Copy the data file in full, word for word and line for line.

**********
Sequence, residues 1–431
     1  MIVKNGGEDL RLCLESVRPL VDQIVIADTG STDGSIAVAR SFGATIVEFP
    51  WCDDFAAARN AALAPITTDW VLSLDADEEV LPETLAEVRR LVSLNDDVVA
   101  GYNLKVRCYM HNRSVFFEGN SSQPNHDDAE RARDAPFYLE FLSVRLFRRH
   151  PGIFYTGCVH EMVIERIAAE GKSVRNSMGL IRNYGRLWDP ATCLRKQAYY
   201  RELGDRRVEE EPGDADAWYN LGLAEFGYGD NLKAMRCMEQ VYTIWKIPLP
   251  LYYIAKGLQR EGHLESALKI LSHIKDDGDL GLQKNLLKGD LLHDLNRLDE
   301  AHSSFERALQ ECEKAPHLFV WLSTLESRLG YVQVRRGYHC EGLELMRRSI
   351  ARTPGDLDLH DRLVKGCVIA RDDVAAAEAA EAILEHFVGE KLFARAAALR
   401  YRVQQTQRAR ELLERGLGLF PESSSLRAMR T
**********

Sequence, residues 1–431
     1  MIVKNGGEDL RLCLESVRPL VDQIVIADTG STDGSIAVAR SFGATIVEFP
    51  WCDDFAAARN AALAPITTDW VLSLDADEEV LPETLAEVRR LVSLNDDVVA
   101  GYNLKVRCYM HNRSVFFEGN SSQPNHDDAE RARDAPFYLE FLSVRLFRRH
   151  PGIFYTGCVH EMVIERIAAE GKSVRNSMGL IRNYGRLWDP ATCLRKQAYY
   201  RELGDRRVEE EPGDADAWYN LGLAEFGYGD NLKAMRCMEQ VYTIWKIPLP
   251  LYYIAKGLQR EGHLESALKI LSHIKDDGDL GLQKNLLKGD LLHDLNRLDE
   301  AHSSFERALQ ECEKAPHLFV WLSTLESRLG YVQVRRGYHC EGLELMRRSI
   351  ARTPGDLDLH DRLVKGCVIA RDDVAAAEAA EAILEHFVGE KLFARAAALR
   401  YRVQQTQRAR ELLERGLGLF PESSSLRAMR T